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OCS Group UK Limited v Dadi, Omni Serv Limited and Ahitan  EWHC 1727 (Ch)
The High Court sentenced a former employee, who was in contempt of court for his breach of an interim injunction, to imprisonment for six weeks.
In this case, OCS applied to commit the first defendant, Mr Dadi, to prison for contempt of court for his breaches of an order for injunctive relief, imposed on him after his employment was transferred to the fourth defendant, Omni Serv.
OCS is a company that provides services to the aviation industry. In March 2017, it lost a lucrative contract to its competitor, Omni Serv, for the provision of aircraft cleaning services to British Airways at Heathrow. The second defendant, Mr Dadi, was employed by OCS until it lost the British Airways contract, at which time his employment was transferred to Omni Serv pursuant to the TUPE Regulations.
OCS alleged that the fifth defendant, Mr Ahitan, and Mr Dadi conspired to send documents relating to its business to his personal email account. Like Mr Dadi, Mr Ahitan was also a former OCS employee who now worked for Omni Serv. OCS issued proceedings against the defendants seeking declaratory relief, an injunction and damages for their various breaches of contract, fiduciary duty and confidence.
OCS obtained an Order from Mr Justice Smith granting an interim injunction against Mr Dadi. The Order prohibited Mr Dadi from disclosing confidential information to third parties, required him to provide information about the disclosures he had already made, and imposed obligations on him not to destroy evidence and not to disclose to anyone else the existence of the Order itself. Mr Dadi was personally served with the Order, which contained the usual penal notice.
In breach of the Order, Mr Dadi proceeded to: (1) tell Mr Ahitan about the Order; (2) delete emails from his mobile phone, on the same day he was served with the Order; (3) carry out a mass deletion of emails from his personal email account the following day; and (4) inform members of his family and friends about the Order. Mr Dadi sought legal advice three days after he received the Order, following which, at the return date for the injunction, he admitted his breaches to OCS and the Court.
Under the Contempt of Court Act 1981, section 14(1), the court may impose an immediate custodial sentence of up to two years’ imprisonment. Any person committed to prison in contempt of court is, however, entitled to unconditional release after serving half of his or her sentence: Criminal Justice Act 2003, section 258. The court may, alternatively, impose an unlimited fine or order sequestration of the respondent’s assets.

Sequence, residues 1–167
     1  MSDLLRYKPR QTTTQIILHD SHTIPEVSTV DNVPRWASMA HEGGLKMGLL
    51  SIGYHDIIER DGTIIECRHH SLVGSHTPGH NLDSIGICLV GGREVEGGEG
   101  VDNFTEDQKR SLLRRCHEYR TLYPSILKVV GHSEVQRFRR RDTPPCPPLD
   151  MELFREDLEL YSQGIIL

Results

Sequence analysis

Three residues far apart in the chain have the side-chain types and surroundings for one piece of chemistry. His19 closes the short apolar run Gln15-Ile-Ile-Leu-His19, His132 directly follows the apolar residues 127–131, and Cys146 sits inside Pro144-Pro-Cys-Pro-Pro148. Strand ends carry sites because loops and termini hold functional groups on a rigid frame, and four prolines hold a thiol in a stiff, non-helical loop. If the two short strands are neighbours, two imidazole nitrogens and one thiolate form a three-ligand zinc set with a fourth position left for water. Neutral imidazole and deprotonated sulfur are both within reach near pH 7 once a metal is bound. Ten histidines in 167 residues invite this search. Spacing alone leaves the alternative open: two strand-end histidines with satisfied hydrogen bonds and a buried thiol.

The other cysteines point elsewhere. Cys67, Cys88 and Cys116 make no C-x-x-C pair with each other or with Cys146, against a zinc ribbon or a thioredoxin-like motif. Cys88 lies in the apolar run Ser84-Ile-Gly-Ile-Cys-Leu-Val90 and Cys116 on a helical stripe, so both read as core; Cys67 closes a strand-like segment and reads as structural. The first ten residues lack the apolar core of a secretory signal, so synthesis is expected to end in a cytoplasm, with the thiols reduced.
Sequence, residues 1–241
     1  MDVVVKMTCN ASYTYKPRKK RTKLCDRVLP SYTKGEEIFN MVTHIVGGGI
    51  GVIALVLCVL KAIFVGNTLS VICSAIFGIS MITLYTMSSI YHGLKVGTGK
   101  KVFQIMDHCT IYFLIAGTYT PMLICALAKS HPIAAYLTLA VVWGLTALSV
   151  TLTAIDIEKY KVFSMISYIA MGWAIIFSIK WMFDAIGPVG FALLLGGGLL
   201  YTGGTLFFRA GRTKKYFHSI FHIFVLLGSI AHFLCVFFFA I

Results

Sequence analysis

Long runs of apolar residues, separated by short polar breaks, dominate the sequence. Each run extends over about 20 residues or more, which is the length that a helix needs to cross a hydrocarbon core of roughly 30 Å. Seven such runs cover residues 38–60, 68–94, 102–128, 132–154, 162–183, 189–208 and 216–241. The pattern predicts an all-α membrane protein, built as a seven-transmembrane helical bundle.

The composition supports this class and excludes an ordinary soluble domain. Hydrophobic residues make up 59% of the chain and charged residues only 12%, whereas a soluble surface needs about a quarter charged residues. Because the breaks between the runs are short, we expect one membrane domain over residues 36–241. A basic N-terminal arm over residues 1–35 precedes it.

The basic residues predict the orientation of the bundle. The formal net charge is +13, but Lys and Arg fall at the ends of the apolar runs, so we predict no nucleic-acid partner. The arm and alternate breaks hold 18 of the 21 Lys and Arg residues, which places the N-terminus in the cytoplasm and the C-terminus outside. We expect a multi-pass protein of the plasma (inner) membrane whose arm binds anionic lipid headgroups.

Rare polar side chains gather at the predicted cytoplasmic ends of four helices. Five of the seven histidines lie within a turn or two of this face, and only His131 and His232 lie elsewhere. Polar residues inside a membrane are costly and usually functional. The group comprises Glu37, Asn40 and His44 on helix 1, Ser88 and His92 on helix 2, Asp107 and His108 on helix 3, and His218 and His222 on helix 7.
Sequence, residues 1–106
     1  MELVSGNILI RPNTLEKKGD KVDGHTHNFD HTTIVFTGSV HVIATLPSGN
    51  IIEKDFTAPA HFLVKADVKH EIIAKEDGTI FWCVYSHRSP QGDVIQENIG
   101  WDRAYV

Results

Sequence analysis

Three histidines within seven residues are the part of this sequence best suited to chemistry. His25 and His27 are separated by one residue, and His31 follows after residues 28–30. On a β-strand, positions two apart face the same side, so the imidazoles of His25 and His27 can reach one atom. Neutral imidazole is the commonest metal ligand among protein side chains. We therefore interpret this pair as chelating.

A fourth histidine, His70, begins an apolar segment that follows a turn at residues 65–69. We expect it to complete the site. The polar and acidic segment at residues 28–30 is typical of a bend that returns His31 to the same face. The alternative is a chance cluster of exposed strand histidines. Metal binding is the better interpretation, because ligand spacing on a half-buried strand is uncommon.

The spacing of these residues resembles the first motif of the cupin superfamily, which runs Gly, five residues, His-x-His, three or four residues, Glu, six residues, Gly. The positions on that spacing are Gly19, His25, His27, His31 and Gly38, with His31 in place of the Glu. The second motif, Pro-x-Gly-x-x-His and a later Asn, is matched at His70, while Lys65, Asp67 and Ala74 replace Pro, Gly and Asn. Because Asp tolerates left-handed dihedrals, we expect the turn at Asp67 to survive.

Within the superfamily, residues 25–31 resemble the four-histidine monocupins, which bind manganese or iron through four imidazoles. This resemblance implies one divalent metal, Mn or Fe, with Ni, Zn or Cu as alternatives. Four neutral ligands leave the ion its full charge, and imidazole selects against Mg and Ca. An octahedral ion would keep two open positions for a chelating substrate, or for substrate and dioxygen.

In the High Court, Mrs Justice Rose summarised the relevant principles for considering an application for committal in contempt of court, by way of reference to existing case law in this field  – . The object of the committal as a sanction for contempt of court is both to “punish conduct in defiance of the court order and also to hold out the threat of future punishment as a means of securing protection which the injunction is primarily there to confer” .
Relevant factors the court should consider include: any prejudice to the claimant (and whether it is irreparable); any pressure placed on the person said to be in contempt; whether any breach was intentional; the respondent’s culpability; whether the breach arose from the conduct of others; the seriousness of a deliberate breach; and the cooperation of the contemnor (see further: Crystal Mews Ltd v Metterick and others  EWHC 3087 (Ch)). Mrs Justice Rose also approved a number of additional factors (per Mr Justice Lewison, as he was then, in Aspect Capital Ltd v Hugh Christensen  EWHC 744 (Ch)), including: the relevance of any (early) admission; any apology and frank cooperation with the court; and the respondent’s character and antecedents.
As a “mark of the court’s strong disapproval of his conduct” and as a deterrence to others, Mr Dadi was sentenced to six weeks’ imprisonment. Mrs Justice Rose noted that (contrary to his assertions), his conduct was not attributable solely to his immediate panic on receiving the Order, as evidenced by the fact that he deleted the majority of the emails the following day. Other factors against Mr Dadi included the fact that he had specifically told Mr Ahitan of the existence of the Order (in circumstances where the prohibition on tipping off therein was clearly directed at him) and that OCS was likely to face irreparable prejudice since the emails could not be recovered.
Despite his clear culpability for the breaches, however, Mr Dadi was given credit for his early admission and apology, his frank and honest evidence in subsequent proceedings, and his attempts to help OCS retrieve the deleted emails. The court also recognised the likely impact that his imprisonment would have on his family and that he was of previous good character.
Despite the fact that injunctive relief remains the principal remedy in employee competition cases, it is uncommon for the courts to consider the sanctions for contempt in this context. Defendants do not normally flout the orders of the courts in a “serious” or “contumacious” manner. OCS v Dadi therefore acts as an important reminder, not only of the relevant principles, but also of the practical advice that lawyers can offer their clients if they find themselves in this unenviable position. Early admissions, an unequivocal apology, and cooperation with both the court and the claimant may not keep a client out of prison, but it may nonetheless substantially reduce the length of any sentence.
The full judgment can be read here.
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